In our analysis CHS and DTH assays were used as tools to examine the role of DNA damage and repair in UV-induced immunomodulation. It is well known that this photoimmunomodulation may have deleterious consequences for resistance to infections and rejection of certain tumors, but may also be advantageous with respect to certain autoimmune and/or hyperimmune diseases (1, 34). In our CHS studies PCl was used as the Ag. Previously, we showed that low doses of UV-B could inhibit the CHS response to PCl correlating with decreased levels of IFN-γ and IL-12 (35, 36). Both cytokines play crucial roles in the initiation and effector phase of Th1-mediated immunity (35). We demonstrate here that even when animals are exposed to suberythemal doses distant from the sensitization locus, UV-B can easily inhibit CHS to PCl. In the DTH studies L. monocytogenes was employed as an infective agent. Suberythemal, distant UV exposure can inhibit specific cellular immunity to L. monocytogenes. Lymphocyte proliferation assays as well as DTH responses to Listeria particles in a rat infection model were significantly inhibited after suberythemal UV exposure (6). An increased Listeria load in the spleen and liver was observed, which indicates that the cellular immune parameters lymphocyte proliferation and DTH correlated well with impaired resistance. In the current study the effect on DTH to Listeria described in Wistar Unilever rats appeared to be reproducible in mice. Mice were used because no mutant NER-deficient rat strains were available.

The implications of defective NER in humans are apparent from three autosomal, recessive syndromes: XP, CS, and the sunlight-sensitive form of TTD (37). Seven complementation groups have been described in NER (XP-A to XP-G), two in CS (CS-A and CS-B), and three in TTD (XP-B, XP-D, and TTD-A). All XP-related genes are involved in both global genome as well as transcription-coupled repair with the exception of XPC, which acts in global genome NER only (27). Hypersensitivity to sunlight is associated with skin cancer predisposition in the case of XP, but not in patients with CS and TTD. Many studies indicate that the immune system in XP patients is impaired, with lower DTH and CHS, decreased CD4/CD8 ratios, impaired mitogen responsiveness and production of IFN-γ, reduced NK cell activity, and delayed recovery of Langerhans cell depletion by UV (38, 39, 40, 41, 42, 43, 44, 45). These findings suggest that not only mutagenesis in skin cells but also impaired immune surveillance or increased susceptibility to UV-induced immunomodulation may contribute to the observed skin cancer susceptibility in humans with XP. Immunological deficits have also been noted for CS and TTD.

CPDs and 6-4 photoproducts are the main DNA lesions induced by UV. Both are substrates for the NER machinery. CPDs are very efficiently repaired in the transcribed strand of active genes by transcription-coupled repair, but repair of this lesion by global genome NER in the remainder of the genome is much slower and less efficient. It is thought that especially CPDs play a critical role in UV-induced immunomodulation (16, 18, 46). The less abundant 6-4 photoproducts are removed very rapidly and genome-wide by global genome NER. When this NER mode is not operative, repair in the transcribed sequences is taken over by the transcription-coupled repair subpathway. Some important differences in NER activity exist between rodents and man. In particular, CPDs (but not 6-4 photoproducts) are hardly removed from nontranscribed sequences in mice. However, this difference does not appear to have severe consequences, because UV survival of wild-type mouse and human fibroblasts is similar. Moreover, repair parameters in mouse fibroblasts from repair-deficient mice, such as unscheduled DNA synthesis (UDS), recovery of RNA synthesis after UV exposure, and sensitivity to UV light, correlate very well with those of human patients fibroblasts.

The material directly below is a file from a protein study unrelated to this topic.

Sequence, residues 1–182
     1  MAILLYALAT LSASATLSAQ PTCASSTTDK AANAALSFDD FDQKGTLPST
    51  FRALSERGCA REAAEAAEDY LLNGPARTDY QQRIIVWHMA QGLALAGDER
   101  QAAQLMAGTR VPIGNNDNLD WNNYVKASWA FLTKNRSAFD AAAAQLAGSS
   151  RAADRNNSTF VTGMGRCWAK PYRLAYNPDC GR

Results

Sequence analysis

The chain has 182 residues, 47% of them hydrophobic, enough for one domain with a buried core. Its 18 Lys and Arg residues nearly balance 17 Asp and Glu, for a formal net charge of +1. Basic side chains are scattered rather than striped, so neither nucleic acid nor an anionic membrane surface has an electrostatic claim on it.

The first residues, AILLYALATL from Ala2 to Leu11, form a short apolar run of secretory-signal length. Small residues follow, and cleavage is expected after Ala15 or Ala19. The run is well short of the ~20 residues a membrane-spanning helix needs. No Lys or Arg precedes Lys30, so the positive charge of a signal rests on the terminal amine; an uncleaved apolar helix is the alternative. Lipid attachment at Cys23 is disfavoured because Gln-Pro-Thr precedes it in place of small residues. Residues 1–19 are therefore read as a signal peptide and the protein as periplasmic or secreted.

In this study four mouse strains carrying different NER defects were investigated with respect to their sensitivity for UV-B regarding acute cutaneous and immunological effects (Table I, 2). For instance, UDS is <5% in XPA mice, 25% in TTD mice, 30% in XPC mice, and >95% in CSB mice of the UDS found in wild-type mice (30, 47) (see Table III). In addition, RNA synthesis recovery is <5% in XPA and CSB mice, ∼20% in TTD mice, and >95% in XPC mice compared with the 100% recovery found in control wild-type littermates (30).

Table III.

UV sensitivity and NERa

StrainUDS (%)bRNA rec.b % of WTMED (J/m2)MIDchs (J/m2)MIDdth (J/m2)Susceptibilityb to Photocarcinogenesis
XPA+/+ 100 100 1500 900 600 − 
XPA−/− <5 <5 (<) 150 (<) 150 (<) 150 +++ 
       
CSB+/+ 100 100 1500 900 900 − 
CSB−/− 100 <5 (<) 150 900 900 
       
TTD+/+ 100 100 1500 900 900 − 
TTD−/− 25 20 1200 600 900 ++ 
       
XPC+/+ 100 100 1500 900 900 − 
XPC−/− 30 >95 1500 900 900 +++ 
StrainUDS (%)bRNA rec.b % of WTMED (J/m2)MIDchs (J/m2)MIDdth (J/m2)Susceptibilityb to Photocarcinogenesis
XPA+/+ 100 100 1500 900 600 − 
XPA−/− <5 <5 (<) 150 (<) 150 (<) 150 +++ 
       
CSB+/+ 100 100 1500 900 900 − 
CSB−/− 100 <5 (<) 150 900 900 
       
TTD+/+ 100 100 1500 900 900 − 
TTD−/− 25 20 1200 600 900 ++ 
       
XPC+/+ 100 100 1500 900 900 − 
XPC−/− 30 >95 1500 900 900 +++ 
a

MED, minimal edema dose; MIDchs, minimal immunosuppressive UV-B dose for CHS to picrylchloride; MIDdth, minimal immunosuppressive UV-B dose for DTH to L. monocytogenes; and UDS, UV-induced unscheduled DNA synthesis.

b

The values for photocarcinogenesis susceptibility (last column) were adapted from Refs. 242528 , and 30 , and for UDS from Ref. 47 . RNA synthesis recovery values are from Ref. 30 .